Bamenda, capital of Cameroon’s North West Region is this Monday on a near standstill as another separatist imposed traditional Monday ghost town coincides with an official public holiday decreed by the president after Sunday’s Ramadan feast.
Residents for the most part are indoors with shops closed, township taxis and commercial motorbike riders off the road. A few bikes are however in circulation with gunshots in some parts of the city forcing them to return home,
Since the first ghost town observed on January 9, 2017, Mondays in most of the North West and South West Regions have been ghost town days as the crisis in the area degenerated. Not even the outbreak of the killer coronavirus, COVID-19 has inspired a ceasefire.
Mulang, the neighbourhood that hosts the Army Rescue Unit and the Bamenda City Council, work up to deafening gunshots. Mulang has been a hot spot for gun battles between government soldiers and separatists fighters.
One person is said to have been killed in Ntankah Quarter, near Mulang, by separatists.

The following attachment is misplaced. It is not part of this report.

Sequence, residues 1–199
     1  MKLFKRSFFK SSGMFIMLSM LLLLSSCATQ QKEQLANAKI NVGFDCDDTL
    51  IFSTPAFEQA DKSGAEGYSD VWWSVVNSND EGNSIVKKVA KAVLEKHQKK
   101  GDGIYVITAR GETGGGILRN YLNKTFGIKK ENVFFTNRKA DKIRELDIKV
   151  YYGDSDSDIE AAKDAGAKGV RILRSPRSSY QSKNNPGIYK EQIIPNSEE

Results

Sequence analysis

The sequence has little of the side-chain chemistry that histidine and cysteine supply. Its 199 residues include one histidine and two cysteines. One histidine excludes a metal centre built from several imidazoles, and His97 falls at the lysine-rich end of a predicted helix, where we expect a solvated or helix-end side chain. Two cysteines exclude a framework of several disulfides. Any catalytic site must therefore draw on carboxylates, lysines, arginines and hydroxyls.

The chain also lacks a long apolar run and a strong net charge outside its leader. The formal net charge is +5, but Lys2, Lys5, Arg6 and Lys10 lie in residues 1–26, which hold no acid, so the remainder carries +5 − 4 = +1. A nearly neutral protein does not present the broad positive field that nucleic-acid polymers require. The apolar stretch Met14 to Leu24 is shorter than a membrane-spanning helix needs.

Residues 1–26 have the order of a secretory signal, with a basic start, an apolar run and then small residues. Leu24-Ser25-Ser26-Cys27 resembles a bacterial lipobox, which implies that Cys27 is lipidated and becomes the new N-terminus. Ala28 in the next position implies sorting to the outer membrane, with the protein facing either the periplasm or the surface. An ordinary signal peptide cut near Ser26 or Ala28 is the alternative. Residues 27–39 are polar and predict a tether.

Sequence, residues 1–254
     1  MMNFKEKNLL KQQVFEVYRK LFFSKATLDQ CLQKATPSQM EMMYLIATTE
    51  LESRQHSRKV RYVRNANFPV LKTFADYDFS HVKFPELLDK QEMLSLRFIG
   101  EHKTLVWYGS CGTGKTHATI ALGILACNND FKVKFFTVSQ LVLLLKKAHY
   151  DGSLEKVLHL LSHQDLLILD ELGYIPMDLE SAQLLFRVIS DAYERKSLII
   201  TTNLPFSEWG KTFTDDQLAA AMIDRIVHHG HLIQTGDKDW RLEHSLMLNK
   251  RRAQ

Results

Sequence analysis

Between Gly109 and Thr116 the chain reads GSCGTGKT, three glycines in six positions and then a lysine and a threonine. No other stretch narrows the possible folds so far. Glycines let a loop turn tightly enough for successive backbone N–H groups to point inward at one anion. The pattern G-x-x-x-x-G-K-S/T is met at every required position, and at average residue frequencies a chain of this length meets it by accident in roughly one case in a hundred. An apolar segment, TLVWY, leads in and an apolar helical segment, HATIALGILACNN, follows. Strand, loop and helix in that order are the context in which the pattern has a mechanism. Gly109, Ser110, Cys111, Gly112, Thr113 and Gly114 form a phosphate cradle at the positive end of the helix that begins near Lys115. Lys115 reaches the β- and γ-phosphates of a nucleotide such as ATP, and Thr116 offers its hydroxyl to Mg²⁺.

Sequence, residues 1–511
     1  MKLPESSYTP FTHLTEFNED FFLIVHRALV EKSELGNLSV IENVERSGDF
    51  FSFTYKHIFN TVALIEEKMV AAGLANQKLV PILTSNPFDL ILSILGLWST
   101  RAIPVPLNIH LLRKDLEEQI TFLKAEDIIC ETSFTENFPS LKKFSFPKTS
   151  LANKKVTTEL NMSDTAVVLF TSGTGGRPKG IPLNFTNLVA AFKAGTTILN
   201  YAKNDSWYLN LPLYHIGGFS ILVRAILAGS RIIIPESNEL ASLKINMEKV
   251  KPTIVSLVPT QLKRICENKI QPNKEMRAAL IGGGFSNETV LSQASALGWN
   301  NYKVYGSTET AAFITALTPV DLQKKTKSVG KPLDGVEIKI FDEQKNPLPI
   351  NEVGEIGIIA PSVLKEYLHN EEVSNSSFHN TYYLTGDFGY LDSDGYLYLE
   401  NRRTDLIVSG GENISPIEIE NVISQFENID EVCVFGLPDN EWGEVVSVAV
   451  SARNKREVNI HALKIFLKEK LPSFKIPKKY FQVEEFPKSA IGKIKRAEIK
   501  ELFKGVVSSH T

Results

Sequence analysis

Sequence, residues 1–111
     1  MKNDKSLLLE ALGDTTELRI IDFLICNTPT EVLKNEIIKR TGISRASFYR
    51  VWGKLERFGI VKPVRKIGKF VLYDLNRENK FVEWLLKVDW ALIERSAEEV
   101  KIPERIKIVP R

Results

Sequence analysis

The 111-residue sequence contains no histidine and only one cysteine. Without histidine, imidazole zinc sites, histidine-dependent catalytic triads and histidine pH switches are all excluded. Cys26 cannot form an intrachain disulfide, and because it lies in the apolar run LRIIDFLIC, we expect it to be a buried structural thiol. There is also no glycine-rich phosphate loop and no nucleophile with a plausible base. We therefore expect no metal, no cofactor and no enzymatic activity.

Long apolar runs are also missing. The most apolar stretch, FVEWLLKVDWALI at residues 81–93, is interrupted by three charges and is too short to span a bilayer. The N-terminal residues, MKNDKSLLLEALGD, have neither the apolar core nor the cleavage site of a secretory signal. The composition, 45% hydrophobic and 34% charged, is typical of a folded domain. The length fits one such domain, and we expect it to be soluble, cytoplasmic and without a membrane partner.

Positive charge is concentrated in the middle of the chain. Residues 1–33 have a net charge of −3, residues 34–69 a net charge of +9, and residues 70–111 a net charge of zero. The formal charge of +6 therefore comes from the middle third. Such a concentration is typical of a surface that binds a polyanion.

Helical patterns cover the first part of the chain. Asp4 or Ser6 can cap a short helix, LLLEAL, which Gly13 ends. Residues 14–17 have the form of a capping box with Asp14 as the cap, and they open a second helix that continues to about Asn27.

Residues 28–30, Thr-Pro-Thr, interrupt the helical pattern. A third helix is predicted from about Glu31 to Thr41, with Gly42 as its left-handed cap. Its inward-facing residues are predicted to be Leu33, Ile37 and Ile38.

The victim is accused of being a blackleg. Security forces have descended to the area with locals fleeing to safety for fear of a potential showdown.
Some locals are said to have gone to seek refuge at the St. Francis of Assisi Hospital in Ntasen.
The ghost towns have dealt a heavy blow on the livelihood of locals. Mary Tobi, a tomatoes vendor at the Nkwen Market, says ghost towns have simply become a way of life.
“We are already used to it. I make sure I sell off all my stock for the week before Monday. What remains after Sunday, I either take home or give them out to friends. I can’t take the risk of selling on Monday,” she said.
Another city resident, Mboti Claude regrets that he cannot open his shop on Monday, no matter what. “People are kidnapped and killed. And when that happens, the government does not help you or your family. Your family bares the pain and the loss.”
Mimi Mefo Info